Startup chipmakers pursue AI

Jan. 16, 2018

Companies including Cerebras Systems, KnuEdge Inc., Graphcore Ltd., Cornami, and Wave Computing are all addressing deep learning, as I reported a year ago. Now Cade Metz in The New York Times has an update on the startups placing big bets on AI. Venture capitalists who were once hesitant to fund companies potentially going up against giants like Intel, Qualcomm, and Nvidia are beginning to show some enthusiasm.

“Today, at least 45 startups are working on chips that can power tasks like speech and self-driving cars, and at least five of them have raised more than $100 million from investors,” Metz writes. “Venture capitalists invested more that $1.5 billion in chip startups last year, nearly doubling the investments made two years ago, according to the research firm CB Insights.”

Metz quotes Bill Coughran, formerly with Google and now a partner at Sequoia, as saying, “Machine learning and AI has reopened questions around how to build computers.” Metz adds, “Sequoia has invested in Graphcore, a British startup that recently joined the $100 million club.”

Metz notes that the startups are looking to find a profitable niche or get acquired. The latter approach worked for Nervana, a 50-employee Silicon Valley startup that Intel acquired for $400 million, according to recode. Mets says Cerebras subsequently scooped up five Nervana engineers and, according to Forbes, has raised more than $100 million in funding.

In addition to Graphcore and Cerebras, Metz reports, Silicon Valley-based Wave Computing and two Beijing companies—Horizon Robotics and Cambricon—have all raised more than $100 million. Another Beijing startup, DeePhi, has raised $40 million.

And a previous report had put investment in KnuEdge, not necessarily a startup at more than a decade old, at the $100 million mark.

Metz quotes Mike Henry, chief executive of AI chip startup Mythic, as saying money in 2015 and early 2016 was a nightmare, but “…with the big, acquisition-hungry tech companies all barreling toward semiconductors,” that has changed.

The companies are reserved in explaining exactly how their chips will work. KnuEdge, for example, says simply, “We’re building the world’s most scalable computing fabric for machine intelligence based on neurobiological principles.” A recent blog post notes, “In high school math class we learned about the two most common modes of logical argumentation: deduction and induction…. For machine learning, we need to augment deduction and induction with two additional modes of reasoning—abduction and transduction. Abduction provides the justification of using statistical methods (‘mostly true’) to look for patterns in data. Transduction implies a specific-to-specific mapping by way of a general class.” Another post is titled “Biomimicry: Emulating Neurons with Hardware.”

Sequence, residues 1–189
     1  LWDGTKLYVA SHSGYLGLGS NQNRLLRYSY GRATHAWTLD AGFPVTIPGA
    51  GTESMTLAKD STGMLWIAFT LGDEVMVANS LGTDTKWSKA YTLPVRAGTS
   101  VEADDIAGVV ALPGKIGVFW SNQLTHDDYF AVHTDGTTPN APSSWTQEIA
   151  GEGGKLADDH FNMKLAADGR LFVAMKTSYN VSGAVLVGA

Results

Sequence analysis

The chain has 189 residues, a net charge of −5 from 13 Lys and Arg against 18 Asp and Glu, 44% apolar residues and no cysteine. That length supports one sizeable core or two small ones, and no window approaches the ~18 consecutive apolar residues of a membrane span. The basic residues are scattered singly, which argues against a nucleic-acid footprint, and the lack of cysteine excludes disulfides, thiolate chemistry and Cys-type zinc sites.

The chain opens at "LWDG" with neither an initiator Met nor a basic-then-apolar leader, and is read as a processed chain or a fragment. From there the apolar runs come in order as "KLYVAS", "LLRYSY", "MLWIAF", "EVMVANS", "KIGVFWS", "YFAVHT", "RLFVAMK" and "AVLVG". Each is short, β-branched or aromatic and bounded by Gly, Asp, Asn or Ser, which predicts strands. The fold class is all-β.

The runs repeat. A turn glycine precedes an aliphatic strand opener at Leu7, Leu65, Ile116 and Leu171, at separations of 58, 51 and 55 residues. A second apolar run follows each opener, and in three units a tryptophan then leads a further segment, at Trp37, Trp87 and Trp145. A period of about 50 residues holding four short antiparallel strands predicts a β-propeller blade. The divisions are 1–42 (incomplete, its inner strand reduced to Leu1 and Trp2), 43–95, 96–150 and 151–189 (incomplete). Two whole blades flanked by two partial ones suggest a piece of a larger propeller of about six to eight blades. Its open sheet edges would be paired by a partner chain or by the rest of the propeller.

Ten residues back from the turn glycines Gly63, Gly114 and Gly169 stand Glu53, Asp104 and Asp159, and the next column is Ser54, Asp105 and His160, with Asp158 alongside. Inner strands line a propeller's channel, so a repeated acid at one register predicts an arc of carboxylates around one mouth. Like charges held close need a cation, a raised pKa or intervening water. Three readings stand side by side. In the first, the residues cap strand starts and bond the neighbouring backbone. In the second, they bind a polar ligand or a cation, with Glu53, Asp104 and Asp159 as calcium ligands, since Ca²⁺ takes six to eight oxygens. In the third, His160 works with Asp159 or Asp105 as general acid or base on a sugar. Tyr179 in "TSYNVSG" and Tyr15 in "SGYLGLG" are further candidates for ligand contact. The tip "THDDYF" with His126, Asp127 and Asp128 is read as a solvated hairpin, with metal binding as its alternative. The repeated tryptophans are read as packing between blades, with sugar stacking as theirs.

Cornami gets a little more specific, writing that its “…multicore TruStream architecture creates a new semiconductor category that allows for any C++ programmer to maximize the concurrency and pipelining of any algorithm directly in hardware. To support this capability, Cornami has developed and patented technology that maps a directed graph (cyclic or acyclic) onto a scalable and potentially unlimited sized collection of processors and efficiently and concurrently executes it.”

Commenting on potential products from Graphcore, Cerebras, Wave Computing, Horizon Robotics, Cambricon, Mythic, and DeePhi, Metz commented, “It is still unclear how well any of these new chips will work. And the chip startups will face competition from Nvidia, Intel, Google, and other industry giants.”

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